Fujitsu makes North American cloud move with free trial

Fujitsu has made a move into the North American public cloud market with the rollout of its Global Cloud Platform, launched as a free beta trial of Fujitsu’s infrastructure-as-a-service platform.

The launch is a first for the company in North America, but the platform already has been widely deployed in countries like Japan, Australia, Singapore and the United Kingdom, said Jody Little, VP of cloud portfolio marketing for Fujitsu. To appeal to enterprises that may be unfamiliar with its platform, Fujitsu is launching a free trial from May 31 to August 31 of its server or storage on demand services, along with testing and development, backup and business analytics, she said.

Fujitsu is aiming for globally minded customers with the platform, Little said.

“The user target is multinational enterprises,” she said. “The idea is that customers who do business in multiple environments can standardize their approach and get global support, making it much easier for them to run across different countries.”

The launch augments Fujitsu’s previously announced private cloud offering, Little said, and the company plans to add platform-as-a-service and software-as-a-service later this year. “The whole roadmap is really leading us to a hybrid cloud model,” she said. Fujitsu has invested heavily in the cloud and expects 30 percent of its revenue to come from the cloud by 2013, Little said.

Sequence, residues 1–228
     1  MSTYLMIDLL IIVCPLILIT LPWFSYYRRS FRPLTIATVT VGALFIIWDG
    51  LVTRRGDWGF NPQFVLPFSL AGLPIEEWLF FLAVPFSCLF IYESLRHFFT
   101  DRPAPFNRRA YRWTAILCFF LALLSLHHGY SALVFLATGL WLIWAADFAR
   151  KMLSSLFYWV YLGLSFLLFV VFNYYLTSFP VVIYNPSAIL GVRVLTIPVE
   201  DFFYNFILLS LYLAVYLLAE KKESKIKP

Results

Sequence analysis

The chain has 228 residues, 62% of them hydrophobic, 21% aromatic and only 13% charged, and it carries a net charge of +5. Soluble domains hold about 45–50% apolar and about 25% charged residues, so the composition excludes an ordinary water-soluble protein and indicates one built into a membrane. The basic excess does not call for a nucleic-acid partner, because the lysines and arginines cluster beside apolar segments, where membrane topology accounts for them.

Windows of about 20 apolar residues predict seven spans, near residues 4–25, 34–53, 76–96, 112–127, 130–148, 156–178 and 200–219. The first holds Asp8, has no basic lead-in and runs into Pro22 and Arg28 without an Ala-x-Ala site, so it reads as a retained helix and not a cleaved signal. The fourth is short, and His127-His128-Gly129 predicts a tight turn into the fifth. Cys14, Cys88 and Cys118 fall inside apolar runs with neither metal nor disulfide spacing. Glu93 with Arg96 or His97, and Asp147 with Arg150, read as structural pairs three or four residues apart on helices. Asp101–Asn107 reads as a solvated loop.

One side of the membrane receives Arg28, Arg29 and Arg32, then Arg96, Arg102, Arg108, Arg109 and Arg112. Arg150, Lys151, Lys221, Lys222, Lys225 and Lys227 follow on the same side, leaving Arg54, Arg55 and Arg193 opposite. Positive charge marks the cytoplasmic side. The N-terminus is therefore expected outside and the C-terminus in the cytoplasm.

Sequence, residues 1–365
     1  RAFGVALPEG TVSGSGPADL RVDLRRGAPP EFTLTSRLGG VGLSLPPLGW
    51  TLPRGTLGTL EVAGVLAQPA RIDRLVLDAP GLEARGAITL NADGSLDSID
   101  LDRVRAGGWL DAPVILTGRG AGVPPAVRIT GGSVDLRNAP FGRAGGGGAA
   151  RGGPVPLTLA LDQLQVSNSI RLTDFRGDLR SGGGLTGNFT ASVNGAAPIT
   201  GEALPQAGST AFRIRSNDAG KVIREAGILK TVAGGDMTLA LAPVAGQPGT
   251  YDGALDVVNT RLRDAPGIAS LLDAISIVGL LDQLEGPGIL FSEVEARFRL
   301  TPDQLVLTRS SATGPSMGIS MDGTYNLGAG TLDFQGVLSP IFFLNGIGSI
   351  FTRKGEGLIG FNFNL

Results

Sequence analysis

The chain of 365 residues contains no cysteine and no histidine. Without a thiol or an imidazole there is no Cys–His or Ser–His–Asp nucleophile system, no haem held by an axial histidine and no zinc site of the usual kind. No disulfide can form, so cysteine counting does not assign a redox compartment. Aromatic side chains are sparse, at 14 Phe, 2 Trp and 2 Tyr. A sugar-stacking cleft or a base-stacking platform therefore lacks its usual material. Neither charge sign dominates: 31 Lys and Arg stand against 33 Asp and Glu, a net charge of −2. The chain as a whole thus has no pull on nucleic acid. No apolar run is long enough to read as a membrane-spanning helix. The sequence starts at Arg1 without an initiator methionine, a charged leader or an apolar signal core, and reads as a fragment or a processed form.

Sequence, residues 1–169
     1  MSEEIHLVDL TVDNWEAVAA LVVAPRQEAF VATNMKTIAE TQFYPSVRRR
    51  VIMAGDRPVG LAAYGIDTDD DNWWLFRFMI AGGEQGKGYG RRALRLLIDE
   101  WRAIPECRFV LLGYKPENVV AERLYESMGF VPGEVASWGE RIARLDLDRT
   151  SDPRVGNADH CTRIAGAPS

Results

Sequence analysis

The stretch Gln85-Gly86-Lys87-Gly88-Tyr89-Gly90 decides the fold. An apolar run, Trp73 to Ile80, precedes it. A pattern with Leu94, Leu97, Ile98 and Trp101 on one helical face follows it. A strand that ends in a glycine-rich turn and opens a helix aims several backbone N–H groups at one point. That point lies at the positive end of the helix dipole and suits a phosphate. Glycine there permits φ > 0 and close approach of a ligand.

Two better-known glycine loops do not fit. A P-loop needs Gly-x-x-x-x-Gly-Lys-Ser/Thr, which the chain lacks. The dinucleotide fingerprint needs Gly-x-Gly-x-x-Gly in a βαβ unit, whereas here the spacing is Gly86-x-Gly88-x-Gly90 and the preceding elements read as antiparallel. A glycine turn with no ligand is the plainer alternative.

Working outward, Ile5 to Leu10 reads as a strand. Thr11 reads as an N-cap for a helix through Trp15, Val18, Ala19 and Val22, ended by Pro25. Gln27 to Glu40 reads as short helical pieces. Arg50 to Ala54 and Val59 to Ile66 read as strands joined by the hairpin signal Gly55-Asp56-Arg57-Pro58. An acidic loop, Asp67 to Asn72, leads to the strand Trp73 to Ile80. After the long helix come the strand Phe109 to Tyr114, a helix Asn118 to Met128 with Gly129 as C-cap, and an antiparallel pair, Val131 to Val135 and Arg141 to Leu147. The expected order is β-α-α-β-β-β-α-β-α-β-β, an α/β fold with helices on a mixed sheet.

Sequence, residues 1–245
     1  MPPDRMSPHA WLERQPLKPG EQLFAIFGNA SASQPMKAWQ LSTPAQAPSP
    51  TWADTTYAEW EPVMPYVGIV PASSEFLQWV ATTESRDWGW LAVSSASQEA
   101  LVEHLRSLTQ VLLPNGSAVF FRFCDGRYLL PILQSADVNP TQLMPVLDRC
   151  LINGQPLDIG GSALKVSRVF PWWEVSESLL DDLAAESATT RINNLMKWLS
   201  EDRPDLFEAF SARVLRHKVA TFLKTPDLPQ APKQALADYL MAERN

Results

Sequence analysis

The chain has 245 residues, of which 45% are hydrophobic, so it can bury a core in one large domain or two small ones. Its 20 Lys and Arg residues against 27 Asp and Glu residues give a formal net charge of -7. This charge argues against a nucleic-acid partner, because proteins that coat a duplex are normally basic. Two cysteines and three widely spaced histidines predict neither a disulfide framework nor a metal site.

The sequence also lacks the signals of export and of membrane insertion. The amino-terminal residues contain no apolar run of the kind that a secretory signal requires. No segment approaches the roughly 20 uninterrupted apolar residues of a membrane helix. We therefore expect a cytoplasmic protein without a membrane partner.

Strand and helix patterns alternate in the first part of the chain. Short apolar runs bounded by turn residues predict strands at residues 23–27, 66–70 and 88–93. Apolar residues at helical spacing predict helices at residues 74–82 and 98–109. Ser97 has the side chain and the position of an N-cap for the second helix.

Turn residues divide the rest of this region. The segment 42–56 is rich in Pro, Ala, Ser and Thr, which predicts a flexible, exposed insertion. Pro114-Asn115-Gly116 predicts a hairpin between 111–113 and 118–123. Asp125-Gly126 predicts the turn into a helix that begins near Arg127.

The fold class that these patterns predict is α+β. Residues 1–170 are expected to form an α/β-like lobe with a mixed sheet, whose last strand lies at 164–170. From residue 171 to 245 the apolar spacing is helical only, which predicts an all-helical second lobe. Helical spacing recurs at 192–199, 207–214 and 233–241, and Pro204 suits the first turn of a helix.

The trial the company is currently offering includes access to:

  • 5 virtual machines (up to 14 CPUs)
  • Up to three Windows operating systems
  • Unlimited Linux (CentOS) operating systems
  • 1 Microsoft SQL Server platform 
  • 1 TB of disk usage
  • 3 global IP addresses
  • 500 GB of optional data and system backup

Fujitsu is hopeful the effort will help raise the company’s awareness in the cloud space among North American users, and appeal to companies seeking more advisory services that Fujitsu can offer, Little said. “A big part of people’s resistance to the cloud is around education and needing assistance,” she said.

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